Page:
FORT MYERS, Florida (October 30, 2013) – The Fed’s quantitative easing – the purchase of $85 billion in securities per month – has done its job of keeping the cost of borrowing money to a minimum. But what will happen when this influx of cash ceases? How will it affect mortgages and home sales? To understand these questions on quantitative easing, we must first understand what impact financing has on value and the overall market.
Overall, houses continue to be at all-time high levels of affordability. Prices are increasing, but buyers are coming into purchases with more income and cheaper financing. Also, there is no shortage of inventory in Southwest Florida. These factors make it easier for buyers to buy and agents to sell houses.
And once the quantitative easing ends? Likely the cost of borrowing will increase; in other words, mortgage rates will be higher. Likewise, as financing qualifications are already strict, the qualifying standards will toughen even more as all provisions of the Dodd-Frank Act come into full implementation on January 10, 2014. Also, house prices will continue to rise. All of these factors will combine to continue the trend toward renting rather than owning property in Southwest Florida for lower-income buyers, which means more opportunities for investors and property managers.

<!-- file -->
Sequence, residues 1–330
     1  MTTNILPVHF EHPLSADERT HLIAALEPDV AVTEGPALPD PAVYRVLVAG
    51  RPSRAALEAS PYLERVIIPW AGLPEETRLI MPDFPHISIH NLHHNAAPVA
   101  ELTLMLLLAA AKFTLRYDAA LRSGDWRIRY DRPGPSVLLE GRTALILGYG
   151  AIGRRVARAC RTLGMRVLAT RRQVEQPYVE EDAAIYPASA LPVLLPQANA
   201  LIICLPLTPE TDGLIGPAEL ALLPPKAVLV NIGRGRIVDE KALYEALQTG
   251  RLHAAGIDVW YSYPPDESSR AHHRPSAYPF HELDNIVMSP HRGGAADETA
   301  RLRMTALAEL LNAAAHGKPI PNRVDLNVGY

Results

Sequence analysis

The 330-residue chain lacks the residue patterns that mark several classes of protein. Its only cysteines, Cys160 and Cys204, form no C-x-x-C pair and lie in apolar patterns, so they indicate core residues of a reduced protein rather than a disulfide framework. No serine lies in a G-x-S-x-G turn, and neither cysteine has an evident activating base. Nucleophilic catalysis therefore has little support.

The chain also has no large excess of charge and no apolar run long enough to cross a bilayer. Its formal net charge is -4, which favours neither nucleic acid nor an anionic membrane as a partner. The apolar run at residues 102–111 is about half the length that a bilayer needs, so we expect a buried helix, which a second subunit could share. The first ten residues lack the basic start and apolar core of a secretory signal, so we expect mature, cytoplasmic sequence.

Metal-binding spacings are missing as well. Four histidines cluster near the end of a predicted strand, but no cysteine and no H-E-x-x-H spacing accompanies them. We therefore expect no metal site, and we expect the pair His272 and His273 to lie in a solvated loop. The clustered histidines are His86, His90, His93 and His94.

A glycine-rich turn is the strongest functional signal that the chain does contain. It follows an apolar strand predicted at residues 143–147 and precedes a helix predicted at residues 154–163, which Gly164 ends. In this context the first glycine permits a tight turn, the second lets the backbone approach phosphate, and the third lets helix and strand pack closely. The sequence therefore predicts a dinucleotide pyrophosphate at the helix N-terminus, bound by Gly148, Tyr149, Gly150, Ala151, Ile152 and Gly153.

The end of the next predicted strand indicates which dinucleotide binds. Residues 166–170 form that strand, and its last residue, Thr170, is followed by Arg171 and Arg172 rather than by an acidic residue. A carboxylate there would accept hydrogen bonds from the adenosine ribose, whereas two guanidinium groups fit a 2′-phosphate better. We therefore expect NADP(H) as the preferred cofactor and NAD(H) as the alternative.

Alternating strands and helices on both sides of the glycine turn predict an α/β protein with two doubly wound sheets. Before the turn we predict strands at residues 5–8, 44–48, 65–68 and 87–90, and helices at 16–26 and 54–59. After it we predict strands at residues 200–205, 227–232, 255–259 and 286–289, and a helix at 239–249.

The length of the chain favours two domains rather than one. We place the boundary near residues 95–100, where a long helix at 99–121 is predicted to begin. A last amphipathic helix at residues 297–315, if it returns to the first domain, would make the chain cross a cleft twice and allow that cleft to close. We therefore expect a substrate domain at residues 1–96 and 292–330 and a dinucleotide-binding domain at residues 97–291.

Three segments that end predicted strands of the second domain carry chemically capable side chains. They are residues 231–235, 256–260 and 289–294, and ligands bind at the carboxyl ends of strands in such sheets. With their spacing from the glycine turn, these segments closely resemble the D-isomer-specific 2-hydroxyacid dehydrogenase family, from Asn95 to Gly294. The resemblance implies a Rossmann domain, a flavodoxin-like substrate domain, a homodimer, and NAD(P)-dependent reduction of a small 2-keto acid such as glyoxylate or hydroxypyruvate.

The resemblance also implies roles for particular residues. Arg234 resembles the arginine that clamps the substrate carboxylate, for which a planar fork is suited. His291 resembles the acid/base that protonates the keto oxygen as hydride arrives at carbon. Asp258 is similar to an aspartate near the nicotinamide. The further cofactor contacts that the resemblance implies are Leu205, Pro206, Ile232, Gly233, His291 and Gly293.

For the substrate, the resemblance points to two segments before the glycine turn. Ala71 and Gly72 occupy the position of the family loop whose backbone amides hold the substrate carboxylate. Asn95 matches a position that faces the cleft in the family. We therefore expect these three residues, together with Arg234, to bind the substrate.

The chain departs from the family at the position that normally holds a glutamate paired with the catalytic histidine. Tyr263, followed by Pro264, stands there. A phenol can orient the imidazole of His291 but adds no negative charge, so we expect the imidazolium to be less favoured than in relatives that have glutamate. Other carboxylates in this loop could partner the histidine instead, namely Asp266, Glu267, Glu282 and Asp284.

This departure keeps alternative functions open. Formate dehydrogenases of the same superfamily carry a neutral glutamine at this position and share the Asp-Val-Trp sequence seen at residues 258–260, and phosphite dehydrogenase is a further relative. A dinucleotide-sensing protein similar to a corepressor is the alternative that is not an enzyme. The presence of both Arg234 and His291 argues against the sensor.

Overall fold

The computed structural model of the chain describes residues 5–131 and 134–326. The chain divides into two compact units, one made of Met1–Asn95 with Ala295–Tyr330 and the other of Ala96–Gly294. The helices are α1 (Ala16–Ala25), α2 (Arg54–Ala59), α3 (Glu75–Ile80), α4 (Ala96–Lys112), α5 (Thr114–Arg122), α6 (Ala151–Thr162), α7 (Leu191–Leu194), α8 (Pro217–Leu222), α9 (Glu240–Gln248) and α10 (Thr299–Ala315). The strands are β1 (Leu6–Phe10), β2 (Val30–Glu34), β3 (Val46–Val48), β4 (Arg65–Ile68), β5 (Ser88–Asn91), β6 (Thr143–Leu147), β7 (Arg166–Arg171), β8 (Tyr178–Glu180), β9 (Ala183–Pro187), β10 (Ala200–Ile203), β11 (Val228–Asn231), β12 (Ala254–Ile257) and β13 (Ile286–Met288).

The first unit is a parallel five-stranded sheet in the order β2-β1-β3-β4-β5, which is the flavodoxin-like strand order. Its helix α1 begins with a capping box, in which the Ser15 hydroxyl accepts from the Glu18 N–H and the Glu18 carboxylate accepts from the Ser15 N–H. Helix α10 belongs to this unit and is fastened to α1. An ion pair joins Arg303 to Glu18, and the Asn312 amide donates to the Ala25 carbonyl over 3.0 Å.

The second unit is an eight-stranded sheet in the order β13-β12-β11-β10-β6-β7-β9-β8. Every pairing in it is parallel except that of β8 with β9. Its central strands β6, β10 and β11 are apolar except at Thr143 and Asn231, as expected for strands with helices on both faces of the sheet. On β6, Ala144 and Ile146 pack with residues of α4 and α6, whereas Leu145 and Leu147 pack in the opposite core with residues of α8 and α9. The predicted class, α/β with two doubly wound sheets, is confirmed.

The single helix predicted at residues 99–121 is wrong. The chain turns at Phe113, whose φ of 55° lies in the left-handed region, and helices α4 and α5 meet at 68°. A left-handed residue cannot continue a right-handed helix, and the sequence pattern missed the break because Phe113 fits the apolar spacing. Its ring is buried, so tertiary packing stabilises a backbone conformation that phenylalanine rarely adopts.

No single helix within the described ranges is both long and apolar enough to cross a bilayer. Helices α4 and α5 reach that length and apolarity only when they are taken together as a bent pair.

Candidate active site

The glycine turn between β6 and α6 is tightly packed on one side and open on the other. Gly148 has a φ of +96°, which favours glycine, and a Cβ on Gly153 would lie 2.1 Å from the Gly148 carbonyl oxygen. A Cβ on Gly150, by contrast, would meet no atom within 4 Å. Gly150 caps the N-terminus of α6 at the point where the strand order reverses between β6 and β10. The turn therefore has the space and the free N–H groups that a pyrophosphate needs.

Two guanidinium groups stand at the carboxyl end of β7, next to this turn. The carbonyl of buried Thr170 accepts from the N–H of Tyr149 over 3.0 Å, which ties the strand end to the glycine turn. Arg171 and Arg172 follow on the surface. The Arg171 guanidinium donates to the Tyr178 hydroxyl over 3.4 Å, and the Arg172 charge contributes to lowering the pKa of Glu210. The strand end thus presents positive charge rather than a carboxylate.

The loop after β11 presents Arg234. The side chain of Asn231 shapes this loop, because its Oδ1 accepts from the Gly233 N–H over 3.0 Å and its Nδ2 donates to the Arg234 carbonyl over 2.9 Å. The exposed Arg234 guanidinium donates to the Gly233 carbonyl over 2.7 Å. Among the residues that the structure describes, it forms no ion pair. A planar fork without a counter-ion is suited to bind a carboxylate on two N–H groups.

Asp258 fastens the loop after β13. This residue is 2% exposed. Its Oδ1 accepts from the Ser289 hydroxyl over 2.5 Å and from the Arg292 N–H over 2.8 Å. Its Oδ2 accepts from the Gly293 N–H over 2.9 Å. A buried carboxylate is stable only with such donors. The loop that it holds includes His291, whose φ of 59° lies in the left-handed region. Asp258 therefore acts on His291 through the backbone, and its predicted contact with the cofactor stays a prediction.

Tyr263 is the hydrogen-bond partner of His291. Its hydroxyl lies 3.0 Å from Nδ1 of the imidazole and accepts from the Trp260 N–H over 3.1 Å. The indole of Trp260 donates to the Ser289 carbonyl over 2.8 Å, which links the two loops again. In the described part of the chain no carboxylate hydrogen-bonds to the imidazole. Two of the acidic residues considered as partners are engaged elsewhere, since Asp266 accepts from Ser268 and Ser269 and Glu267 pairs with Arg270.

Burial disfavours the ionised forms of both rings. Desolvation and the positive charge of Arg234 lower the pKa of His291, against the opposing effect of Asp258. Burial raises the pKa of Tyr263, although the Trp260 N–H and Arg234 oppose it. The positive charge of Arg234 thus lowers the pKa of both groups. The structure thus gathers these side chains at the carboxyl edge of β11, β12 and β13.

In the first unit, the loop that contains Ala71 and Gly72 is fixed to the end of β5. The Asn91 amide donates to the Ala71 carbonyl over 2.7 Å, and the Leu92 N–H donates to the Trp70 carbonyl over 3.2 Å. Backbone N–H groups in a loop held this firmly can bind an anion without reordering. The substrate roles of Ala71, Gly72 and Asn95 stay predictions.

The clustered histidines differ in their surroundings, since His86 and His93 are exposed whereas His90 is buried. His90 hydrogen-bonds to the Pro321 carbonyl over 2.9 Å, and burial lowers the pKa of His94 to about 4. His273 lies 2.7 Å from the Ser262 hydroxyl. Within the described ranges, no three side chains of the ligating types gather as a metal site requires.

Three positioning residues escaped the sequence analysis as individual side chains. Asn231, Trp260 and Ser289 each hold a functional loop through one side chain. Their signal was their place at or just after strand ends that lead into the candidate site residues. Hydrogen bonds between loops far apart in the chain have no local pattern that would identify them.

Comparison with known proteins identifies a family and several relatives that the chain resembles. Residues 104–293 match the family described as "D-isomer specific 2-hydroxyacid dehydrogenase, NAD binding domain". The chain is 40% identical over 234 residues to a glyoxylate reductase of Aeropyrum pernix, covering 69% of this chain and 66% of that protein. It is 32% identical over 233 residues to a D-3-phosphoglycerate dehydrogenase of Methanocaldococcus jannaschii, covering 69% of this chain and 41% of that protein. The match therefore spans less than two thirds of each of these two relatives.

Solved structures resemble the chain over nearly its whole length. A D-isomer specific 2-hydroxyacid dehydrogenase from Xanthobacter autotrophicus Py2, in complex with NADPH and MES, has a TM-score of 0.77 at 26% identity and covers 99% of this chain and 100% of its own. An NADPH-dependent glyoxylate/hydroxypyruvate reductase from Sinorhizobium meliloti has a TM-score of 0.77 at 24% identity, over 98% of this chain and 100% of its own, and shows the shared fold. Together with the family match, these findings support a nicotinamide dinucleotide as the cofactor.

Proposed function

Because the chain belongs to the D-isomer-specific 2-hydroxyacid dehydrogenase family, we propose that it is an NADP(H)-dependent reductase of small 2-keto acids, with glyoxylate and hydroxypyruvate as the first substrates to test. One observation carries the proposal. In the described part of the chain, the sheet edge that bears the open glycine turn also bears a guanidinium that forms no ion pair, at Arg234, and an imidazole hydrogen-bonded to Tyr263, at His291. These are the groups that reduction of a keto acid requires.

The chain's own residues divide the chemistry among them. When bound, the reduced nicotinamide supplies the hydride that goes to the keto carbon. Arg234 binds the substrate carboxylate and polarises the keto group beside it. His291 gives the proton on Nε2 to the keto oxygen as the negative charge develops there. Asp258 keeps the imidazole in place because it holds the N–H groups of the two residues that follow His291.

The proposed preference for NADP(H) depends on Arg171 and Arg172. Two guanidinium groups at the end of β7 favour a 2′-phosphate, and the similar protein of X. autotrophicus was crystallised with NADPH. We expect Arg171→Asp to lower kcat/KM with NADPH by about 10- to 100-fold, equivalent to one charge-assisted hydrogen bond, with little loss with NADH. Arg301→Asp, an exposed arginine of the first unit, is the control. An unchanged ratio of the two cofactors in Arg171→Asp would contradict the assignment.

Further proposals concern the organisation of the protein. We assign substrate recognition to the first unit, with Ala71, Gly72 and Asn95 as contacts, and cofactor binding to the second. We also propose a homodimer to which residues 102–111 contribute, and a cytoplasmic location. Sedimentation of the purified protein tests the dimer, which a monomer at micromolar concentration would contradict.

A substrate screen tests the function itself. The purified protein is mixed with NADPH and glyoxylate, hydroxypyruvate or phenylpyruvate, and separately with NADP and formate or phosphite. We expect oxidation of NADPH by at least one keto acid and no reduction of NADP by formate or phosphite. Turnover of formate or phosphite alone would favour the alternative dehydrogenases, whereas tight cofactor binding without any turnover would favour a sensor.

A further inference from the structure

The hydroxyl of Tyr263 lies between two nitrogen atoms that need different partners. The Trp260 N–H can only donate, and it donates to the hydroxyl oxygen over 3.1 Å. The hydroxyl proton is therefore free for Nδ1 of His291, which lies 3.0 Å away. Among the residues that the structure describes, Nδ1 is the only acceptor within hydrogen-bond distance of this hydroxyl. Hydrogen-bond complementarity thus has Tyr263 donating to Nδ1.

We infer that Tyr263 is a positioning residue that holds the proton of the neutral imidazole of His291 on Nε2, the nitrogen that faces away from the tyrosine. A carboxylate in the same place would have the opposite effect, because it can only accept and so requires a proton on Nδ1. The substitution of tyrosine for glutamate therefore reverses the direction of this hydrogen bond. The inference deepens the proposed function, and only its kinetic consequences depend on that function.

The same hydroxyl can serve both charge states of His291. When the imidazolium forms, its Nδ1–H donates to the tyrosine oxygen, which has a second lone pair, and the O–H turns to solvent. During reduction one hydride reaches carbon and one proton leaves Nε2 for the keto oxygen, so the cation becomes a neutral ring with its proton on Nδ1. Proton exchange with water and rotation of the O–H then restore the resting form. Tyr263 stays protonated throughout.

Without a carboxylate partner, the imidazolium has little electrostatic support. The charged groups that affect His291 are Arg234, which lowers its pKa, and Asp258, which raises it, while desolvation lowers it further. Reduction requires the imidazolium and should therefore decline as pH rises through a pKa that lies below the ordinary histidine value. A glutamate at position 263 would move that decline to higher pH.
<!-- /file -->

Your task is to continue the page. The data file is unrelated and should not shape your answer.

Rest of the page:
Higher-income buyers will have more choices in the market due to builders actively competing with features and financing for those who need it. As for housing prices? That will be up to the sellers and their real estate professional.
If you would like to learn more about the present and future of institutional financing, attend Larson Educational Services Agent’s Guide to Financing Continuing Education courses.
Larson Educational Services
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1400 Colonial Blvd, Suite 44
Fort Myers, FL 33907